So you’re going to give yourself a visual representation and also get a plan together to pay off your debt by starting to understand your interest rate, by starting to understand your balances, by starting to understand your loan terms, you can start conquering your debt in a way that feels accessible to you. And I’ll highlight again, the actual how around paying off your debt is shockingly simple. It’s consistency. Now, I didn’t say perfection. Notice I didn’t say perfection. I said consistency. When you’re two years into paying off your debt and you’re like, “This is awful and I don’t want to do this anymore and I’m so over it.” You have to remind yourself that it’s about consistency in order to get to the point where you’re debt free. Where you don’t owe anybody any money, where you don’t have to answer to anybody, and where you can take the hard-earned money that you were putting towards your debt and put it to something better.

So next week we are going to be talking about credit cards, which is one of my favorite things to talk about. And you’re like, “Tori, you nerd.” And I’m like, “No. I’m about to teach you how to fly to Europe for free using credit cards.” You’ve been told credit cards are bad? No, just you wait. I’m super excited. Thank you so much for joining us this week. I am proud of you. I see you. I see the progress you have and will make, especially if debt is something that gives you anxiety. Thank you for being here and tackling this episode. The first step to learning how to pay off debt and learning how to be comfortable with your debt is just showing up. Small progress is still progress, right? Consistency is just a little bit of progress every day. You’ve got this, and we’ll see you soon for episode four. A huge thanks to State Farm for supporting our mission here at Her First 100K and making the financial Foundations series possible. Like a good neighbor, State Farm is there. Neither State Farm nor its agents give tax or legal advice.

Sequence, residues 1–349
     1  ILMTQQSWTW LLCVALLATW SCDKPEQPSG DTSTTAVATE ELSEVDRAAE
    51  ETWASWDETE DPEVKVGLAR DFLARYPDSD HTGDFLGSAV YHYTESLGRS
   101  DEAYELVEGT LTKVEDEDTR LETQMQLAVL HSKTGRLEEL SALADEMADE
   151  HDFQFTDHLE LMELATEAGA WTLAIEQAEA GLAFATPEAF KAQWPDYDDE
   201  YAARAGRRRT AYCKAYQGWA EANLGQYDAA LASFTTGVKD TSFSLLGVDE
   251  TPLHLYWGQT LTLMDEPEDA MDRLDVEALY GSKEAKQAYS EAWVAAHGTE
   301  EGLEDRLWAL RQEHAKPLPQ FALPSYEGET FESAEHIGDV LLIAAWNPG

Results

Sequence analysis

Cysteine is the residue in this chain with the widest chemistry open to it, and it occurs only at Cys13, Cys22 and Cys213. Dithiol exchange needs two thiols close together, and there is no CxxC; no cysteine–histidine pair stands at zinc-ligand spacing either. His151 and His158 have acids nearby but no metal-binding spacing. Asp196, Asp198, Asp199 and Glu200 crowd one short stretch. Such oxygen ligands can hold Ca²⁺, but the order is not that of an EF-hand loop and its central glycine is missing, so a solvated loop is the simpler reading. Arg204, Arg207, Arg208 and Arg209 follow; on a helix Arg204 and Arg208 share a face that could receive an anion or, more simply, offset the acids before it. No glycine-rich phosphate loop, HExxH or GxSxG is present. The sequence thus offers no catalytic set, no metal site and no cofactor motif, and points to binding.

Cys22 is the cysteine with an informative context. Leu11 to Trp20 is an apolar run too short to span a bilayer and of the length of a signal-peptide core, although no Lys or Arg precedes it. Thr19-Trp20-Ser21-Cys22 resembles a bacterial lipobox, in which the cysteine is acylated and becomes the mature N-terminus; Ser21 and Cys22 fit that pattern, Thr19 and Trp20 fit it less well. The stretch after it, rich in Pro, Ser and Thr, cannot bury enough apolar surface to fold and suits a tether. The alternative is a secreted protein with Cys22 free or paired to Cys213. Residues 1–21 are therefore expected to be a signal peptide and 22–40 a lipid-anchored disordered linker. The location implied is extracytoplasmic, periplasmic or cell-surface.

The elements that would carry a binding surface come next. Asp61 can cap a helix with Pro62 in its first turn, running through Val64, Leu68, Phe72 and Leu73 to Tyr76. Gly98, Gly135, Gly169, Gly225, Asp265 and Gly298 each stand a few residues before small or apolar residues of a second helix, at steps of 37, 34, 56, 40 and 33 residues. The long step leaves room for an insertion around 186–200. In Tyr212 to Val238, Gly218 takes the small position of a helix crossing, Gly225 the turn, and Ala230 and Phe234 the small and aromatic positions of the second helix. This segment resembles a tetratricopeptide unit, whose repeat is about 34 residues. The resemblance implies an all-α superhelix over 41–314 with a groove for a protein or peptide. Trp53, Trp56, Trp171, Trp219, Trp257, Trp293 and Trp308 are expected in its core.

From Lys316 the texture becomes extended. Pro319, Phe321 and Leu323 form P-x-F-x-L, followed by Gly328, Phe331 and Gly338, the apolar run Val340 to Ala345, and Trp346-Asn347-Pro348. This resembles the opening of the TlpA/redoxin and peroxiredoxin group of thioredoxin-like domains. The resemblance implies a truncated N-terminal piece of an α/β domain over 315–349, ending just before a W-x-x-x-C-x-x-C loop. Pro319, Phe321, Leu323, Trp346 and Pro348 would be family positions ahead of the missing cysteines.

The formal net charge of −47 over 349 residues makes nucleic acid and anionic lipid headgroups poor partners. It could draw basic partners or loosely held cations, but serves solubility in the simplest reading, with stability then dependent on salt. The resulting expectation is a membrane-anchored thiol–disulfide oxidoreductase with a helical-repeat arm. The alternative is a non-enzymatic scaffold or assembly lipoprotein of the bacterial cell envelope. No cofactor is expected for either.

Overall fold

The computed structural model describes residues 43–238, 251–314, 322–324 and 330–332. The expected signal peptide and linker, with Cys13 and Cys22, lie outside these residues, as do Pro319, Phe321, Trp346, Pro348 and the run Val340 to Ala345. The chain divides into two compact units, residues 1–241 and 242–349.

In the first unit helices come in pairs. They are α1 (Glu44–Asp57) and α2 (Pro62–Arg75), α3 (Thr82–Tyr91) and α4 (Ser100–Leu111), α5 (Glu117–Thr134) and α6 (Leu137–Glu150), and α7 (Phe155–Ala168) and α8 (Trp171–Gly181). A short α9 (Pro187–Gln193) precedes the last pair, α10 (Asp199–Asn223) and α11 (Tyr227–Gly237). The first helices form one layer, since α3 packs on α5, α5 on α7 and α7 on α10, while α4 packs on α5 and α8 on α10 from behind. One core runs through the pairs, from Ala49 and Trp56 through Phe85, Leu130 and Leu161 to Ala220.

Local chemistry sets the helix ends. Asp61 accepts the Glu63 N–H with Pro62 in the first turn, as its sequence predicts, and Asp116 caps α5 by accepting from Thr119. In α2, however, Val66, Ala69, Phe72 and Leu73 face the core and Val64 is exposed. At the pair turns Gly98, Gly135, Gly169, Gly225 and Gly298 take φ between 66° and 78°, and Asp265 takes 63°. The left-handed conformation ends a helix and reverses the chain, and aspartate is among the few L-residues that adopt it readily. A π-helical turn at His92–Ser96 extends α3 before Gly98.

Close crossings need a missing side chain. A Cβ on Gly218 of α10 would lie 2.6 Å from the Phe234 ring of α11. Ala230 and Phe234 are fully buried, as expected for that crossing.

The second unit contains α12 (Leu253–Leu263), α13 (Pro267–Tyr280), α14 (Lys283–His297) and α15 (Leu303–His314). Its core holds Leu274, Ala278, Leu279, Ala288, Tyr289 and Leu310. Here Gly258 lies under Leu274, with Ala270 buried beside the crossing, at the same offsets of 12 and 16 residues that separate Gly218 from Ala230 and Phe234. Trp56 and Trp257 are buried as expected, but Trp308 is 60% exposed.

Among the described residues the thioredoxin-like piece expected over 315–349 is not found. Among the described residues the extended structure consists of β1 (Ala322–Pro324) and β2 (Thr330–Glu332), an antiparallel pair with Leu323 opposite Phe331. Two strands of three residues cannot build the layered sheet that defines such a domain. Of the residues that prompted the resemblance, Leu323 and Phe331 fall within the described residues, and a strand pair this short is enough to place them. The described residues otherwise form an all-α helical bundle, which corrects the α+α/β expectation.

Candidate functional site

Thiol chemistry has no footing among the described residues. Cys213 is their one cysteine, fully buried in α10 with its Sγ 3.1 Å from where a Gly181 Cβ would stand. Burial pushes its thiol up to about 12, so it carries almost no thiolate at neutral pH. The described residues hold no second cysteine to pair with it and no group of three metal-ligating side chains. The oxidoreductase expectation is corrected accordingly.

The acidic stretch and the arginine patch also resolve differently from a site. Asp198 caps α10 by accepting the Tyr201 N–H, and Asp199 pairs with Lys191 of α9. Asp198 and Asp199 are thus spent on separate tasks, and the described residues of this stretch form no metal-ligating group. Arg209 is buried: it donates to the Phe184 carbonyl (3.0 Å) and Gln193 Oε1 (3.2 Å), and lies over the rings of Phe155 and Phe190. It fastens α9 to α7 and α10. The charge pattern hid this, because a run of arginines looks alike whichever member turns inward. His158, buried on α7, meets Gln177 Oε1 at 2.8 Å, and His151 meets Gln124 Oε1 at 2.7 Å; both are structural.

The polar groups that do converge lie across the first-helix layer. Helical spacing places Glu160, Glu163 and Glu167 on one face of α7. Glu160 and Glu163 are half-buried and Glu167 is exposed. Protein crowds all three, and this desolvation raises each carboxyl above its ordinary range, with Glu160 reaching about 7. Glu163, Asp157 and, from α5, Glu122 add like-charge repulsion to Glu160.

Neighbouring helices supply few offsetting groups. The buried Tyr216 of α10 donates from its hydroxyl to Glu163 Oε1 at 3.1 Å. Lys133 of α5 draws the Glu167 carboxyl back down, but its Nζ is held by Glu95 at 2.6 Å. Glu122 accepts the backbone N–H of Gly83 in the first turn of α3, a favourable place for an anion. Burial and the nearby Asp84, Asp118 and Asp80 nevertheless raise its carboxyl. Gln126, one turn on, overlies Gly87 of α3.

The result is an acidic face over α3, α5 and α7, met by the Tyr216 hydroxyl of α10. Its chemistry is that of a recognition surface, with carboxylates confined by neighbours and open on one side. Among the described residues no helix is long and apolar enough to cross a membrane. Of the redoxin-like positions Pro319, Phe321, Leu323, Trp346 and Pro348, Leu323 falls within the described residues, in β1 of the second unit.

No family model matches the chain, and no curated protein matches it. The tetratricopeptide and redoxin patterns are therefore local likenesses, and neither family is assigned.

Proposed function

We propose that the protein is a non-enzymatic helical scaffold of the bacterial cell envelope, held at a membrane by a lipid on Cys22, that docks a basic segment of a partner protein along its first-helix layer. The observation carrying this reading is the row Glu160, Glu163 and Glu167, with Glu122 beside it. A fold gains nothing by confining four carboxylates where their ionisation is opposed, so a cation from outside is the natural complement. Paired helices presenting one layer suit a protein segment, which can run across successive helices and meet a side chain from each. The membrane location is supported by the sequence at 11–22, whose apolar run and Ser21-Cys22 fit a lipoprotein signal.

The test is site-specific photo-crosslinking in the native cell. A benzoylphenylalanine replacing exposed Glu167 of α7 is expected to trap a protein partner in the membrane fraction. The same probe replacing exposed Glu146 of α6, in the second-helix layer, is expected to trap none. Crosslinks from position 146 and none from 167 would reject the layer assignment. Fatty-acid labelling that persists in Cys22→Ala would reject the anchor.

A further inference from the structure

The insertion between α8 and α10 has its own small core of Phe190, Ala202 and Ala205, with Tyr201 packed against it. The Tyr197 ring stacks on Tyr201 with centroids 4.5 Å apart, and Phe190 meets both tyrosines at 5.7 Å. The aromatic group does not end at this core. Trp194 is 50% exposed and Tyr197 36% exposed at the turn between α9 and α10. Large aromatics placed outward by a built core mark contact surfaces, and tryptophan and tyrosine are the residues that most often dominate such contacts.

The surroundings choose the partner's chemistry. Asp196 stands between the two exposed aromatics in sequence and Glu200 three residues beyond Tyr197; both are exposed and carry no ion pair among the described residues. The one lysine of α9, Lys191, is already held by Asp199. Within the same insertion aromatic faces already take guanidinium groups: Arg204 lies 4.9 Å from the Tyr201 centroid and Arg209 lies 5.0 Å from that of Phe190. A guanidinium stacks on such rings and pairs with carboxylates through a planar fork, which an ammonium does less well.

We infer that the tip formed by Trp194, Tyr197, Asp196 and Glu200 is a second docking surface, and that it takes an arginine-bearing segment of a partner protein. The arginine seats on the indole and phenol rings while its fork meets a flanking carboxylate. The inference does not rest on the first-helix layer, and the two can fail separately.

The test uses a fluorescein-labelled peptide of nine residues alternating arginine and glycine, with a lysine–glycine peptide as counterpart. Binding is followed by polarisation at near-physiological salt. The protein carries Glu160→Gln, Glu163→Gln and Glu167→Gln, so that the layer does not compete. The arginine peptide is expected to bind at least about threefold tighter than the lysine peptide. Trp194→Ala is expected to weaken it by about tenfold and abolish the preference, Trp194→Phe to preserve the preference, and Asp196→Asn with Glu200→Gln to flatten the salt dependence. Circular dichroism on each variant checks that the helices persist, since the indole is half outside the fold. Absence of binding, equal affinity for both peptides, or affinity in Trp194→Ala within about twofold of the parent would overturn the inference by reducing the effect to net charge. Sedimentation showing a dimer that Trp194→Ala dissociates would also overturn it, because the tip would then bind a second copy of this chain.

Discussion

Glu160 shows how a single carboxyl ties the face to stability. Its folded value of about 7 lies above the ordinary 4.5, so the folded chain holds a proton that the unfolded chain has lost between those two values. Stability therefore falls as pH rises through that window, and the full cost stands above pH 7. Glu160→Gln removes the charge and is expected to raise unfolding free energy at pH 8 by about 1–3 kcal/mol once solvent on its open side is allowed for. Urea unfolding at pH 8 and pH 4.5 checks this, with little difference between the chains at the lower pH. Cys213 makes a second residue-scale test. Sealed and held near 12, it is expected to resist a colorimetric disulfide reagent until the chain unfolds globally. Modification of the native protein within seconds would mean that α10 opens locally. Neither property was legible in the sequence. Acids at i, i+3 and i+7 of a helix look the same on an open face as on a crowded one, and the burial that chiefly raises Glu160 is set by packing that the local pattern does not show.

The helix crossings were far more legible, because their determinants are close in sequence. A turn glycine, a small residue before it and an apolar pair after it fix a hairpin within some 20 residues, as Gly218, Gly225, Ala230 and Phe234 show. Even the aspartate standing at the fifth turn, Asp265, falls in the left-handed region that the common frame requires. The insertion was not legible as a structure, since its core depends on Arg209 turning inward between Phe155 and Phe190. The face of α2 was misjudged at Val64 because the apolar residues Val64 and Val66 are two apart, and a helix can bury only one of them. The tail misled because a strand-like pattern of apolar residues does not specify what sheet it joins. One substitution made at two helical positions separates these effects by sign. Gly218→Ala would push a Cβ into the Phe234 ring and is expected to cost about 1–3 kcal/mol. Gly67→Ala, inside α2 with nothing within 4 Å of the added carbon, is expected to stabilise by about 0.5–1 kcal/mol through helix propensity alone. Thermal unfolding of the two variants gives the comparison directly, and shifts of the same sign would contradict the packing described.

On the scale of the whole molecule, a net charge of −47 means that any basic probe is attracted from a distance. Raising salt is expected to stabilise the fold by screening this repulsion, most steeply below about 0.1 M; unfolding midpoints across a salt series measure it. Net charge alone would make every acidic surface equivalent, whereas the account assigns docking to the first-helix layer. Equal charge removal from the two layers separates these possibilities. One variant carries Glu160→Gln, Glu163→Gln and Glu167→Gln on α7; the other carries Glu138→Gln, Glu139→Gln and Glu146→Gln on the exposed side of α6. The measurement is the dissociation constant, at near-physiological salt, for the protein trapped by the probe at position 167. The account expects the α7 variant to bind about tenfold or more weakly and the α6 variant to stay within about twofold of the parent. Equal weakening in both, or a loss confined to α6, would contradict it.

Thank you for listening to Financial Feminist, a Her First $100K podcast. Financial Feminist is hosted by me, Tori Dunlap, produced by Kristen Fields, associate producer Tanisha Grant, marketing and administration by Karina Patel, Sophia Cohen, Kahlil Dumas, Elizabeth McCumber, Beth Bowen, Amanda Leffew, Masha Bachmetyeva, Kailyn Sprinkle, Sumaya Mulla-Carillo, and Harvey Carlson. Research by Ariel Johnson, audio engineering by Eliza Medcalf, promotional graphics by Mary Stratton, photography by Sarah Wolfe, and theme music by Jonah Cohen Sound. A huge thanks to the entire Her First $100K team and community for supporting the show. For more information about Financial Feminist, Her First $100K, our guests, and episode show notes, visit


Tori Dunlap

Tori Dunlap is an internationally-recognized money and career expert. After saving $100,000 at age 25, Tori quit her corporate job in marketing and founded Her First $100K to fight financial inequality by giving women actionable resources to better their money. She has helped over one million women negotiate salary, pay off debt, build savings, and invest.

Tori’s work has been featured on Good Morning America, the New York Times, BBC, TIME, PEOPLE, CNN, New York Magazine, Forbes, CNBC, BuzzFeed, and more.

With a dedicated following of almost 250,000 on Instagram and more than 1.6 million on TikTok —and multiple instances of her story going viral—Tori’s unique take on financial advice has made her the go-to voice for ambitious millennial women. CNBC called Tori “the voice of financial confidence for women.”

An honors graduate of the University of Portland, Tori currently lives in Seattle, where she enjoys eating fried chicken, going to barre classes, and attempting to naturally work John Mulaney bits into conversation.